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4 Edible Plants to Forage for in Colorado

colorado-cornucopia
Wild Food Girl

If you are ever lost in the wilderness of Colorado or just want some things to add to your side salad in camp, you need to know these edible plants. 

Foraging for edible plants can seem like a daunting challenge. We’re raised to be cautious of the outdoors and all the peril she holds, but she has a lot of good to offer as well.

The first step is being well-informed and knowing what to look for. Check out some these local plants in Colorado that you may find on your next day hike or weekend camping trip next summer.

1. Raspberry – Rubus idaeus

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Wikimedia

These guys can be hard to find, but seem to be abundant in the Four Corners, particularly in the San Juan Mountains. They tend to grow on southern facing rocky slopes and usually fruit in September and August. Look out to forage for them next year along sunny dirt trails. Raspberries are high in Vitamin C and one of the easiest berries to forage for.

2. Wild Mint – Mentha arvensis

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Wikimedia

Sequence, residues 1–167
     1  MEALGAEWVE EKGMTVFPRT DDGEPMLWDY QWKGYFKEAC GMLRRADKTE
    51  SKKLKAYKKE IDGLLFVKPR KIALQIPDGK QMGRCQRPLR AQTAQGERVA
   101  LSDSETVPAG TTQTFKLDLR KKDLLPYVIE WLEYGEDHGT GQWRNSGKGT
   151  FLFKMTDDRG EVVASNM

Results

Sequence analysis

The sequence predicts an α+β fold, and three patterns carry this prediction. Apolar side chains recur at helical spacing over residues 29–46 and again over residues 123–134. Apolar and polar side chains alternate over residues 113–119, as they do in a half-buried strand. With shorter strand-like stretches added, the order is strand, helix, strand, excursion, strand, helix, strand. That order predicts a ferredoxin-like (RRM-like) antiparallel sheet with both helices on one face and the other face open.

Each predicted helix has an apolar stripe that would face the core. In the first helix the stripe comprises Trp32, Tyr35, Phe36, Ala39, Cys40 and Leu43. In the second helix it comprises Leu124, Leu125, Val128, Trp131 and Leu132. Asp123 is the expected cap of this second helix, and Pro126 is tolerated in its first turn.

Wild mint is a great plant to forage for at camp when you want a little extra flavor for your meals or a breath mint after. Look for them in moist areas and near water such as streams and ditches. They generally bloom June to October. Wild mint can be easily identified by the smell.

More from Wide Open Spaces:

Edible plants you didn’t know you could eat

The 10 best hunting camp meals

Top 6 venison tenderloin recipes

3. Chanterelle – Cantharellus cibarius

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 Flickr/dr_relling

Be cautious with chanterelle. There are some look-a-likes that will leave your stomach in bad shape. The easiest way to identify a true chanterelle is to examine its gills. They are false gills and as a result should not be separate but one mass, seemingly melted on. The ridges that make up these false gills should also run down and along the stem. Look for them along the ground of hardwood forests, particularly in areas with disturbed dirt (such as trails). They tend to grow in mid-summer to early fall.

 4. Porcini – Boletus edulis

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Wikimedia

Generally found in high altitudes, 7,000 feet to the treeline and in large numbers at 10,000 feet, porcini can be identified by the brown or reddish brown and often sticky cap. They have a thick stem and there is a spongy underside to the cap. These are a well sought-after edible, and you can tell with grocery store prices. Get past the expense by foraging your own next summer to early fall.

Remember these the next time you are lost or on a trip to the backcountry of Colorado. They can either save your life or add to a great meal. The most organic you can find!

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4 Edible Plants to Forage for in Colorado